While the language of combat with demons may seem a bit dated and off-putting for many today, the seriousness (and genuineness) of the enterprise it underscores should not be missed or minimized. One goes into the desert in response to a call to a hard-won conversion and humanization which is accomplished in dialogue with and through the grace of God alone. There is no room for mediocrity here (though there is assuredly great temptation to this!!), no sense that eremitical solitude, for all the joy and peace it possesses (and these are indeed substantial), is merely a pleasant time apart to recharge depleted batteries or balance the activity in one's life. Neither, as I have written several times before, is it a way to indulge one's selfishness, over-developed individualism, insecurities, lack of ambition or success at life, or misanthropy. What is at stake in a call to eremitical solitude is one's very humanity, nothing less. Further, it is a humanity at the service of Church and World, or it is not eremitical life.

For the hermit this is THE WAY to more complete healing, wholeness, and holiness, the way her ability to love others is perfected, the way she is most clearly made into imago Christi in service to others. If one misses the demanding and extraordinary character of this solitariness, one has missed something essential to the eremitical vocation. Above all one should not forget that relatively very few people are called to achieve the goal of their own humanity in this way. For most, the desert as a life choice would actually hinder growth as a person and prevent individuation or the achievement of true holiness. For most, this would be a destructive choice leading to actual dehumanization and illness. For the hermit, on the other hand, it is the necessary or indispensible full-time environment and occupation which God in his mercy and compassion calls them to so that they might achieve fullness of authentic humanity.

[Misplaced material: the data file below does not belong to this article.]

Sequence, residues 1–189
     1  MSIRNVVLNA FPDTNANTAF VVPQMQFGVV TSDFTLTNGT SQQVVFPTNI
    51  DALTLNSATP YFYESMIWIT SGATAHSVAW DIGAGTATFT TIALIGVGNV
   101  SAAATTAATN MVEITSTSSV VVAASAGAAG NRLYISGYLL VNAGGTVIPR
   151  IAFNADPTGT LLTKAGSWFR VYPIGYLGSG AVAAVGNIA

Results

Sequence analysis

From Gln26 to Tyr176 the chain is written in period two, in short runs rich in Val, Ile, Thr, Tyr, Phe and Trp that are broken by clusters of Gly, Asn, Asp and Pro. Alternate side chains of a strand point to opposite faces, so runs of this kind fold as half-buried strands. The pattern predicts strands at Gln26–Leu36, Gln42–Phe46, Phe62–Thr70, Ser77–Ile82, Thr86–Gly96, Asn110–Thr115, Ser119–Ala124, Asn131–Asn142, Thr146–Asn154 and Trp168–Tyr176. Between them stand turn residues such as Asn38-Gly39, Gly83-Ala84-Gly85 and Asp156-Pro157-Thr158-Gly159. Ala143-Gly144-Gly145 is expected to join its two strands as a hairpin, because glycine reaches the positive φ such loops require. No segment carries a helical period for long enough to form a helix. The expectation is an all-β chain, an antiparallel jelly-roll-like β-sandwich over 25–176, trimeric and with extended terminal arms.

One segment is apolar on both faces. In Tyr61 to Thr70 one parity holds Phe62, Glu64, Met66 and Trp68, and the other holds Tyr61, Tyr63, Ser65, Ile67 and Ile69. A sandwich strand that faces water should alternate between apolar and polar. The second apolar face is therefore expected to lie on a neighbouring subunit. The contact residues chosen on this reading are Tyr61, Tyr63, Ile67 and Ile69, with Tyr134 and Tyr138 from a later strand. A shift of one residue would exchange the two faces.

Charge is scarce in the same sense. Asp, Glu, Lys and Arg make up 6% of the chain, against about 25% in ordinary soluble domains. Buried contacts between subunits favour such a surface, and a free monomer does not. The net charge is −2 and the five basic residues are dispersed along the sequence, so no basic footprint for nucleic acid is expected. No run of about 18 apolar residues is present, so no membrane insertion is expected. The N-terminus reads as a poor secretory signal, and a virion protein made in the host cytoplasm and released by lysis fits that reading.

At the same time I argue the relative rarity of this vocation then, I recognize that among some groups of people there may be more vocations to diocesan or to lay eremitism than has been appreciated heretofore. The chronically ill constitute one of these groups, as do the bereaved and isolated elderly. So too, as I wrote just recently, may some prisoners in the unnatural solitudes of our nations's prisons. In each of these cases diocesan or lay eremitical life may be ways of redeeming the isolation, bondage, and brokenness of these situations and transfiguring them into genuine solitude thus making them occasions of essential wholeness and freedom. So, while I am convinced vocations to solitary (diocesan) eremitical life are rare, I am more than open to encouraging exploration of this call by those whose life experiences may suit them to such a call apart from monastic formation and life. For those who are younger and can enter a congregation which is eremitical or semi-eremitical to get the formation and challenge which life in community allows, I recommend this option rather than Canon 603.